Sequoia supercomputer enables Gordon Bell Prize-winning simulation on Earth's mantle

Sequoia supercomputer (Download Image) The Sequoia supercomputer played a key role in the Earth mantle convection simulation by a University of Texas-led team that won the 2015 Gordon Bell Prize at this year’s Supercomputing Conference (SC15).

The full power of Lawrence Llivermore’s Sequoia supercomputer played a key role in the Earth mantle convection simulation by a University of Texas-led team that won the 2015 Gordon Bell Prize, announced at this year’s Supercomputing Conference (SC15).

The team’s peak performance results were achieved on the full Sequoia system last summer, and the weak and strong scaling results figured prominently in the team’s presentation at the SC15 conference in Austin, Texas.

LLNL’s onsite IBM analyst Roy Musselman and Livermore Computing’s Scott Futral were acknowledged for their contributions to the project in carrying out the Sequoia calculations, as was the system access granted by DOE/NNSA.

High performance computing (HPC) innovations advancing the state of the art enabled the most accurate simulations yet of mantle convection, the fundamental physical process within Earth’s interior responsible for the thermal and geological evolution of the planet, including plate tectonics.

Entitled, "An Extreme-Scale Implicit Solver for Complex PDEs: Highly Heterogeneous Flow in Earth’s Mantle," the winning submission was led by Johann Rudi from the University of Texas at Austin with a team including IBM, the Courant Institute of Mathematical Sciences, University of Texas at Austin, and the California Institute of Technology.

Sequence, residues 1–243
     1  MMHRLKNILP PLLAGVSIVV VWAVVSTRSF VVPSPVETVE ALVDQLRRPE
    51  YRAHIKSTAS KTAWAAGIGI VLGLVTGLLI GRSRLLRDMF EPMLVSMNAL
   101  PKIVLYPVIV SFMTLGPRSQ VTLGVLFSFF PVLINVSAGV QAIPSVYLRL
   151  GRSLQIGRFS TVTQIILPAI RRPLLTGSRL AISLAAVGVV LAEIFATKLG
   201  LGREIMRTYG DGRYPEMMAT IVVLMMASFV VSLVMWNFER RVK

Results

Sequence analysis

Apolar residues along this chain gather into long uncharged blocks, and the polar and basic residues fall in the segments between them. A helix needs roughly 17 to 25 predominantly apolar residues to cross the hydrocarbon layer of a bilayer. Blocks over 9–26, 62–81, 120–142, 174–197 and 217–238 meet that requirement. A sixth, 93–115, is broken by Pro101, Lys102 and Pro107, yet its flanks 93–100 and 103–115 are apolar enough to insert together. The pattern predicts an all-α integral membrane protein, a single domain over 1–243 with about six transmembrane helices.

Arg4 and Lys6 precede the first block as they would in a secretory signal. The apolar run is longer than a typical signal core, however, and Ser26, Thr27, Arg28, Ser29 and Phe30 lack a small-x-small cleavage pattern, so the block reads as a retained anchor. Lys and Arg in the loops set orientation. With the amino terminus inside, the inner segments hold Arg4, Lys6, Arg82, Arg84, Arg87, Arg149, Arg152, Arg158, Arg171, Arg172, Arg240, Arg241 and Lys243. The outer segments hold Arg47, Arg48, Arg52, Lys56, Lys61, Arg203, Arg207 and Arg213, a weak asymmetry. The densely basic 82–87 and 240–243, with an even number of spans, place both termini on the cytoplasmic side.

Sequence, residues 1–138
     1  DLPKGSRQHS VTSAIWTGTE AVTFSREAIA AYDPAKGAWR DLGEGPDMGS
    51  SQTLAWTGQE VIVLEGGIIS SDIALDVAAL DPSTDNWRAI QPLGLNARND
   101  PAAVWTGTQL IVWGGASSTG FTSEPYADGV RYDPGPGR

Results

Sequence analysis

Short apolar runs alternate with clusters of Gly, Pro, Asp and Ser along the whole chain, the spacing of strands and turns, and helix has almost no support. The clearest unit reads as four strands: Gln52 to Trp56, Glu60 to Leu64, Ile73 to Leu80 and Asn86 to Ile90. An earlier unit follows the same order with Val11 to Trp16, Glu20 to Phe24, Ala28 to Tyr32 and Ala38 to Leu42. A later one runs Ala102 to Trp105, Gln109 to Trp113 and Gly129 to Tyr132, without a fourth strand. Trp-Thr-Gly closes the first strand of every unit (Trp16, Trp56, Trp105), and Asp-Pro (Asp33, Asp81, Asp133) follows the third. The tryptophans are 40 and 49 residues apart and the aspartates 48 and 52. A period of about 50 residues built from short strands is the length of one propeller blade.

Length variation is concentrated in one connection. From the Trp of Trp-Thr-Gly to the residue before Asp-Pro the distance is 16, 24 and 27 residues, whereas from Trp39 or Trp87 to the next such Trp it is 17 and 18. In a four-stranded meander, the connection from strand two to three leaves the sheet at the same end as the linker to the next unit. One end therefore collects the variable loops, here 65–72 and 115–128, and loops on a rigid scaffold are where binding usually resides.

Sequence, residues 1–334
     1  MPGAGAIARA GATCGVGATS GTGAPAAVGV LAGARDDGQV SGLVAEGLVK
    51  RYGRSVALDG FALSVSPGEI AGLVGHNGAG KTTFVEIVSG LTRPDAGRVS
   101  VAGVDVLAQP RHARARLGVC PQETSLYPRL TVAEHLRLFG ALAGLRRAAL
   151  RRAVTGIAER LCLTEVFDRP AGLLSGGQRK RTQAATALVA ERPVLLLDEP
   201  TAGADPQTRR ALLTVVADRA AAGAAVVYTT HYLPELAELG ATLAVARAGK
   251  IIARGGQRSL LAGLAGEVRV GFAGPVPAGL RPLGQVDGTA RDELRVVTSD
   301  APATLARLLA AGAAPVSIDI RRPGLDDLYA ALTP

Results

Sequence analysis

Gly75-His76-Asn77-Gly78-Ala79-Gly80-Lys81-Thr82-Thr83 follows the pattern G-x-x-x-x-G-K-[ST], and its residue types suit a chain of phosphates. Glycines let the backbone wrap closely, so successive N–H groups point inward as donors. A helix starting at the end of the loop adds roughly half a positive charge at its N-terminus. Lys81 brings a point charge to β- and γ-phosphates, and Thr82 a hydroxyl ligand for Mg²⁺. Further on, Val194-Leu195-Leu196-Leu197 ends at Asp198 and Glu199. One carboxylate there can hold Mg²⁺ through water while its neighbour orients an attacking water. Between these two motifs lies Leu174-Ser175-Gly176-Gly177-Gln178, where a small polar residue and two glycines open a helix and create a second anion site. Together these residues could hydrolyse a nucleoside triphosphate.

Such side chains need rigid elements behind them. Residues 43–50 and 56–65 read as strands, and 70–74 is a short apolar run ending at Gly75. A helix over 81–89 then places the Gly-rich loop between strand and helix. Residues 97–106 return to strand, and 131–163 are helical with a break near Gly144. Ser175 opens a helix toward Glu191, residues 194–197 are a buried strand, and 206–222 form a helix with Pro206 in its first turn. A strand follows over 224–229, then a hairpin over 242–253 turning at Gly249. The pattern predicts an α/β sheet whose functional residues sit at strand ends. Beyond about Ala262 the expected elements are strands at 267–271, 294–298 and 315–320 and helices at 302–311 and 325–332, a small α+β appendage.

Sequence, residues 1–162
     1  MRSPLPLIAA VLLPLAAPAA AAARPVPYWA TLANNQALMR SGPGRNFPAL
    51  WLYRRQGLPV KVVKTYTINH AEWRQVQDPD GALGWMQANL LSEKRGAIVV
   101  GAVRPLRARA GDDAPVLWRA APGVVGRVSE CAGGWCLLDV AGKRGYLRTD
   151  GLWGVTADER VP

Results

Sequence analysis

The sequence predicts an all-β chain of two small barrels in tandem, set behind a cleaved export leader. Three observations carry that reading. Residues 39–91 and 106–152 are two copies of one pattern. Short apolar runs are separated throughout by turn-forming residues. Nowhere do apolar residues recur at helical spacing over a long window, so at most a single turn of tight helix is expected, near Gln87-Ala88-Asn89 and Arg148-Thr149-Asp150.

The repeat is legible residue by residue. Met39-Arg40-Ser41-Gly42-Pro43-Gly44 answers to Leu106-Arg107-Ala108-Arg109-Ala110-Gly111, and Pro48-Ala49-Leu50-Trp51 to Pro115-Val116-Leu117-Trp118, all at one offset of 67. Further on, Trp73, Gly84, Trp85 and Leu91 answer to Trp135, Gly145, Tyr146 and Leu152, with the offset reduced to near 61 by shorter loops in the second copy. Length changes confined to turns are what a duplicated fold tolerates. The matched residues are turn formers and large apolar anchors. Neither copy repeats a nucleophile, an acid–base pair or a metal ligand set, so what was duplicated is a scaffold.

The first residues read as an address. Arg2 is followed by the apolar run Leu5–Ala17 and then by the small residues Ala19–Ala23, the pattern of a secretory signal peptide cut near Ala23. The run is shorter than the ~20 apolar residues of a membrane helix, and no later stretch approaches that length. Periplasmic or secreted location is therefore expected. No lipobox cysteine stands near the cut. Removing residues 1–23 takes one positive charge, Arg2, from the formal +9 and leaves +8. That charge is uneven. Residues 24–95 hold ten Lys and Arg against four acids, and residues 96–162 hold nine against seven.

"I’m gratified that Sequoia continues to contribute to groundbreaking calculations in computational science," Futral said.

"LLNL occasionally conducts full-system calculations using a diverse set of codes to better understand the system architecture," notes Mike McCoy, Weapon Simulation and Computing Program director. "This run was exemplary of a calculation that stresses the system, that allows us to better understand its operating parameters and that, as a bonus, demonstrates NNSA’s continued leadership in the area of siting highly functional computers. What we learn about system architecture serves to enhance the capabilities we dedicate to our national security missions."

Sequoia, a 20 petaflops (quadrillion floating point operations per second) IBM Blue Gene/Q system, remains the No. 3 HPC system on the Top500 list of the world’s most powerful computers.

A team led by Amanda Randles, formerly of LLNL and now at Duke University, was among the finalists for this year’s Gordon Bell Prize with a project to model the human circulatory system. Other co-authors of "Massively Parallel Models of the Human Circulatory System" include Erik Draeger, Tomas Oppelstrup and Liam Krauss of LLNL, and John Gunnels of IBM. 

The Gordon Bell Prize is awarded each year at SC to recognize outstanding achievement in high-performance computing. The purpose of the award is to track the progress over time of parallel computing, with particular emphasis on rewarding innovation in applying high-performance computing to applications in science, engineering, and large-scale data analytics.